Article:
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Not to be sniffed at
I have become rather nervous of late when I encounter one young man I know as he uses his senses in ways that can confound people. Ben is totally blind, with learning disability and severe autism, so the day to day business of going from A to B presents him with more than the usual challenge. Ben has learned to use his other senses to navigate his world, to identify places and people and understand the business of transition.
A good nose
The other day, a colleague arrived at work out of puff, as she had been delayed by traffic and was racing to get to a meeting. On the way in, Ben had been passing her and, as is customary, she had stopped briefly to say hello to him.
“Hello Alison”, Ben replied in his loud monotone. “Alison has been running.”
“Yes, I’m out of breath!” she replied.
Ben was unmoved. “Alison smells sweaty,” he opined.
Variously, he has identified people’s recent movements in this way of late; Sally smells of bread, Kelly smells of showers, Archie smells of toast. We have all become very wary of his ultra-sensitive nose and general absence of tact. Any day now, someone will be outed as a secret smoker, or worse!
Using smell as a trigger
The importance of smell in our memory, imagination and consciousness cannot be overlooked. Think about the way you can be transported back to childhood by the smell of cooking cabbage, or cut grass, or your mum’s washing detergent. The smell of perfume can make us sentimental (or nauseous, depending on the circumstance!)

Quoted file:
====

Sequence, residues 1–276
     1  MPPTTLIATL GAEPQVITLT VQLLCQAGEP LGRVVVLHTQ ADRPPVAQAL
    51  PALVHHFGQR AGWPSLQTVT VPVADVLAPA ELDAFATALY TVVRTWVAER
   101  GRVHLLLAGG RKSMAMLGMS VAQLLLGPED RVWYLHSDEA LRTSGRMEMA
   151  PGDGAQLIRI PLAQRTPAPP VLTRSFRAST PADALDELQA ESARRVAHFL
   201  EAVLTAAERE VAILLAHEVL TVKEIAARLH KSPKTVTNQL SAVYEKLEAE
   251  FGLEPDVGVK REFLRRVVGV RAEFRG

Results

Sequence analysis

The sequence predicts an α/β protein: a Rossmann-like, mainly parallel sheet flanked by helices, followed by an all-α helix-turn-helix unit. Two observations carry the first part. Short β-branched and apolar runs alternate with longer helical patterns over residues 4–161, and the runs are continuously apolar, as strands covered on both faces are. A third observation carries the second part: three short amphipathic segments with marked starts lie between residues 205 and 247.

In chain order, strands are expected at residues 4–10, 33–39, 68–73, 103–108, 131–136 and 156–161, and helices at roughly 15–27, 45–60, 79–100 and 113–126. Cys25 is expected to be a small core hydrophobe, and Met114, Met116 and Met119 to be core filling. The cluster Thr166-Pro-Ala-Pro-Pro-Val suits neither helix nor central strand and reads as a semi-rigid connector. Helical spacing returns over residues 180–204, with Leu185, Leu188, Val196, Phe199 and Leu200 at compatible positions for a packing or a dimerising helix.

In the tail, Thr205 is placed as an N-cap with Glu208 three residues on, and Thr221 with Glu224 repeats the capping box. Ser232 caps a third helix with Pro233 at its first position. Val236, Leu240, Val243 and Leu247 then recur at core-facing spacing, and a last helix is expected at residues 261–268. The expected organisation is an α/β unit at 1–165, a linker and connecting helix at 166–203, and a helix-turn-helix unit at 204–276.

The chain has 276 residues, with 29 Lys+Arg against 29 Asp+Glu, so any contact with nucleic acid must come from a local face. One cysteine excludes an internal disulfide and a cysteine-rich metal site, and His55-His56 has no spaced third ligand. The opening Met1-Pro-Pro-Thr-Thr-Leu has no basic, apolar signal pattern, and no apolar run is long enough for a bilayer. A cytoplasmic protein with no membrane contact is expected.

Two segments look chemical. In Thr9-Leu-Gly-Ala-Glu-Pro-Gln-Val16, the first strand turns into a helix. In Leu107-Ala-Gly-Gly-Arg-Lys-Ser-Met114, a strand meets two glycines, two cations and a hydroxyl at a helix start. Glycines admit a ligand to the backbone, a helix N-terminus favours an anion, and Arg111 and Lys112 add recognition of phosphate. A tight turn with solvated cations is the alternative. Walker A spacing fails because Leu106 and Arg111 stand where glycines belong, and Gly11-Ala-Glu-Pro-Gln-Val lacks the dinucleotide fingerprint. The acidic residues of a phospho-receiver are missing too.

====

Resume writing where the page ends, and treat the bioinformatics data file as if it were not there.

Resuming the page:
We all have favourite smells, also those we find especially repellant. We are told that we can improve the chances of selling our house if we bake bread or brew coffee during a viewing. Smell is important, and if you have no vision and limited understanding it can be a strong and powerful means of understanding the world.
Using smell as a transition support tool
One way we have used smell in helping people with sight loss and learning disability in transition is to take their used bedlinen and place it on the bed of their new room. Also, not laundering all of their clothes means that a familiar smell remains with them where everything else is different. We ask the staff who are supporting their transition to use the same soap, cologne and antiperspirant every day they work with the person. If possible, we ask them to wear the same clothes for a few days too.
You may be recoiling in horror at this idea, but consider the needs of a person who cannot see where they are and has to understand changes in terms of voices, sounds, surfaces and environments. Sameness is safe, and something they can rely on. In the same way I ask my staff to consider their personal hygiene when supporting people in close personal care, we remember that familiar smells can help place people and make them recognisable.
If you are supporting someone with sensory loss and learning disability, consider the ways you can help use the senses they have to help compensate for those they lack. Even if this is uncomfortable for you to contemplate!
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